This one is a fresh distribution of its own upbringing, rather than being based on or is the big three, with its own vision and direction. Being an independent distribution means that it's not at the mercy of a bigger distro, which will likely mean better support for PowerPC. Unfortunately, current installers are broken, making it impossible to roll a new install out. This is apparently fixed and will come with rc3, but rc3 hasn't come yet, so I didn't go with it.


Fienix is a PowerPC-first distro, which would indicate this is the one, but it's Debian-based, so it's at the mercy of Debian. Then again, Ubuntu is also at the mercy of Debian sooooo. If you want a deb distro, this is probably the one to pick up, but I didn't go with it.

Void Linux

Another independent distro. I've heard great things about Void, but I'ven't used it myself. Apparently the PPC port has also gone unmaintained, so that's a yikes, and I didn't go with it.


Ah yes, Gentoo. If nobody got me, I know Gentoo got me. Being a distribution built entirely on the concept of building source code and having a solid community foundation, Gentoo may have the best support and the best longevity for the platform. But it's not for the faint of heart; you've gotta be committed to following the handbook and making decisions... and multitasking, because unless you're on a G5 or build a crossdev environment, compile times are gonna suHUUUck. If you're power user enough for it, this might be the pick for you, though. This is the one I went with.... kind of. It's a little muddy because--

Bedrock Linux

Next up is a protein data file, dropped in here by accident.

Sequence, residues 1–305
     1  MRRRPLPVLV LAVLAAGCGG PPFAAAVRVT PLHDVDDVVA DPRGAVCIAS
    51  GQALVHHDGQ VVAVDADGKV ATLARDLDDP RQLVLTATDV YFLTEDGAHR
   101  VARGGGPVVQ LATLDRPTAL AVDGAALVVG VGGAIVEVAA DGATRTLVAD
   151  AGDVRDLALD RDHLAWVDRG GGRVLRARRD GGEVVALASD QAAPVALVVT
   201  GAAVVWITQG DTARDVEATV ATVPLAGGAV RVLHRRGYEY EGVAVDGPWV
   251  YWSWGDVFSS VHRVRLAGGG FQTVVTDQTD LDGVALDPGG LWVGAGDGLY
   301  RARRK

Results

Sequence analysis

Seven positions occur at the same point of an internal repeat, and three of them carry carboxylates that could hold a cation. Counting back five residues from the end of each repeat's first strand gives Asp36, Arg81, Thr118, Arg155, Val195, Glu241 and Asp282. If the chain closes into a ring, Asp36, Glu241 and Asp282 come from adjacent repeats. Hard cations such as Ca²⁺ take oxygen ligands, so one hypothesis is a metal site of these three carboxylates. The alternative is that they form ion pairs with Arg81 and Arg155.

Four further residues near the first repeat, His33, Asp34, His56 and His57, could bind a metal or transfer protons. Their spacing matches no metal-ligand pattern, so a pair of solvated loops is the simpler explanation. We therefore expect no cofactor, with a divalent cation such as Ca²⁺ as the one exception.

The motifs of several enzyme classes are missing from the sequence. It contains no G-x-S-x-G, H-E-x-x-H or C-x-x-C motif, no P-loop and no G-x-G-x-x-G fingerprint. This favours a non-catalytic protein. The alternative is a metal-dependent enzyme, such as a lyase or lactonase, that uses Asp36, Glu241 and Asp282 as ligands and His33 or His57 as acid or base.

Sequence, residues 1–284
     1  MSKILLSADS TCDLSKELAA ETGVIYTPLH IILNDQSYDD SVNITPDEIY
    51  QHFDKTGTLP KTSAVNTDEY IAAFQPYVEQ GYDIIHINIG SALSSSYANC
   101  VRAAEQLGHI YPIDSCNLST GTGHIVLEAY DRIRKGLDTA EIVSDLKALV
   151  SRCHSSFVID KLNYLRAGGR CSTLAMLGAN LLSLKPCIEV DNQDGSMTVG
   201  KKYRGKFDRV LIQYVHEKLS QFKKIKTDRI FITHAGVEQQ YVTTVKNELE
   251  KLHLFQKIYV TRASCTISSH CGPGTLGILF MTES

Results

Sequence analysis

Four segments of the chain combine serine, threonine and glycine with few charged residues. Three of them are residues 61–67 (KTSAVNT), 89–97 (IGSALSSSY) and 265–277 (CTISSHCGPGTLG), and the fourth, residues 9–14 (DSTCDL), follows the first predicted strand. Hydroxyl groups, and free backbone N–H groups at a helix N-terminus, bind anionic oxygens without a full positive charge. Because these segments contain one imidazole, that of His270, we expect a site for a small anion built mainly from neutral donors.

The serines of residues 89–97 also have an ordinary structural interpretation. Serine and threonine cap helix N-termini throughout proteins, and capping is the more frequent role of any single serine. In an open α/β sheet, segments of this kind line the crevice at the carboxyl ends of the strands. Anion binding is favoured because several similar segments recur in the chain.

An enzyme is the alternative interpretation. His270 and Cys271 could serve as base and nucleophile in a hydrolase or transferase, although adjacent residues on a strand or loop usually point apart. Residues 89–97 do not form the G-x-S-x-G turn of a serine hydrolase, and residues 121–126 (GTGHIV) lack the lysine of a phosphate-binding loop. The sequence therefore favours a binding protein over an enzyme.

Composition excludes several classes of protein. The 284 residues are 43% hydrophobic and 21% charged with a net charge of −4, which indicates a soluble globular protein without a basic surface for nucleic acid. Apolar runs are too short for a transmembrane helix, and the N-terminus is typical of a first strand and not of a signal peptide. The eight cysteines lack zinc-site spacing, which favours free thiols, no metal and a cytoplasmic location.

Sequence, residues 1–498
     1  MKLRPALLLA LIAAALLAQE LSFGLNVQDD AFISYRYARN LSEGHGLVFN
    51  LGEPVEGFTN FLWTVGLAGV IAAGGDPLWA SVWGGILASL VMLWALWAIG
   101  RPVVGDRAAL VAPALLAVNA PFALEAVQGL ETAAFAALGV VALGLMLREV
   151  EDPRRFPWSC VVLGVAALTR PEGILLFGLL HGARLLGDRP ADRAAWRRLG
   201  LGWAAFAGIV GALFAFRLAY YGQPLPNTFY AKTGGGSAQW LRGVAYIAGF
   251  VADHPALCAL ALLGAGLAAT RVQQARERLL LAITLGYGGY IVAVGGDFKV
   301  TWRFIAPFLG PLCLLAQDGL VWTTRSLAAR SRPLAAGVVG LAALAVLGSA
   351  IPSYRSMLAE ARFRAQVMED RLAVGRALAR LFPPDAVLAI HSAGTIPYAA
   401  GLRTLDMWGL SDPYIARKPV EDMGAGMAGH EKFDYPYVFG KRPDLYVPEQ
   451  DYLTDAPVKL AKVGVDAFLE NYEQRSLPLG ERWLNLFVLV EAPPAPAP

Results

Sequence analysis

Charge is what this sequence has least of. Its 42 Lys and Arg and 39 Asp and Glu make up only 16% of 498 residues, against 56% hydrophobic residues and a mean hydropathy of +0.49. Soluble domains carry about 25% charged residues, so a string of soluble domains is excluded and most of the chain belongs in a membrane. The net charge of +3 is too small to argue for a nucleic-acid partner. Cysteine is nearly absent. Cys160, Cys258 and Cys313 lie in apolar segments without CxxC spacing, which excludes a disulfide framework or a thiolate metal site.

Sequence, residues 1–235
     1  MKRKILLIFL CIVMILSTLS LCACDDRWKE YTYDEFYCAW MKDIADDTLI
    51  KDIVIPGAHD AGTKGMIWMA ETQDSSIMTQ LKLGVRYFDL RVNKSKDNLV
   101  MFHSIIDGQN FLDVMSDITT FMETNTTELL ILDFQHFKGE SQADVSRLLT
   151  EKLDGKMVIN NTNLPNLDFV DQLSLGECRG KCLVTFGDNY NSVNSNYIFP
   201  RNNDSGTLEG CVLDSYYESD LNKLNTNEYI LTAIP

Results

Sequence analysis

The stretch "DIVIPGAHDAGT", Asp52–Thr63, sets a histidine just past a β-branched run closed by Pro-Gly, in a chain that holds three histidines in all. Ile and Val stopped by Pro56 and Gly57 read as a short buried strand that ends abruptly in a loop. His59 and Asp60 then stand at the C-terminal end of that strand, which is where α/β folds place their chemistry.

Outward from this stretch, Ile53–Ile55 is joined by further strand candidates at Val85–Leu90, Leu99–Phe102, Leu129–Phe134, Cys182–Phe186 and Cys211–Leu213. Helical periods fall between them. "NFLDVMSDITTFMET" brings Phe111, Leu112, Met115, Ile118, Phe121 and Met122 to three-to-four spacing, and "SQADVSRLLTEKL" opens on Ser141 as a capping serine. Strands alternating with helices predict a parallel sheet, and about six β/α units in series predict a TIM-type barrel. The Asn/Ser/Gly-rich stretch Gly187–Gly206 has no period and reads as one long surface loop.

Because why not have the best of all worlds? Bedrock is a "meta distribution" whose purpose is to allow software packages from any distribution to run as seamlessly as possible. I went with Bedrock on the Gentoo base-- having a solid, well-supported foundation paired with any packages felt like the better pick over something like Debian. And Bedrock supports PowerPC, because it supports just about every architecture that its base distribution does when Bedrock takes over. This also helps out a ton with Gentoo's compile times issue since I don't have to stick with Gentoo's ebuilds. Said, for an average user who wants Bedrock, I'd try a Debian base instead just for the ease of installation factor; you'll have the same outcome regardless.

While this is a Linux-focused piece, I'll shine a quick light on four other picks as well: the BSD Holy Trinity, and MorphOS


OpenBSD is probably the best pick for Power Macs as far as BSDs go. Still well-supported by the OpenBSD community, a significant portion of available packages, though still not all, remain available to install, and if Linux on PPC goes under, OpenBSD is still it.


Of the Trinity, FreeBSD is, as far as I'm aware, the least popular of the three. But I'm not sure why, really. Does it lack hardware support? Is it difficult to install? Maybe I should find out some other time. I've used FreeBSD a whole one time on an ancient piece of trash P4 machine, so I'm not as familiar with it as I am the other two.


NetBSD is in the middle, and may be a contender for the top pick, considering it supports just about literally everything. If it computes, you can probably run NetBSD on it. Seriously. I can probably run NetBSD on my PlayStation 2. I have a slim NetBSD instal on my WorkPad z50. A Windows CE machine. Software options are also there, though not as fully as OpenBSD. Tier II supported, though, so it's not as much of a main focus as on OpenBSD either.


The only paid software option on this entire page. MorphOS is an evolution of the old AmigaOS made for Power Macs and other PowerPC machines. Apparently it has the best performance of any operating system here, but at €79 EUR for the OS, that might be a fairly significant pill to swallow.




oh my god it was real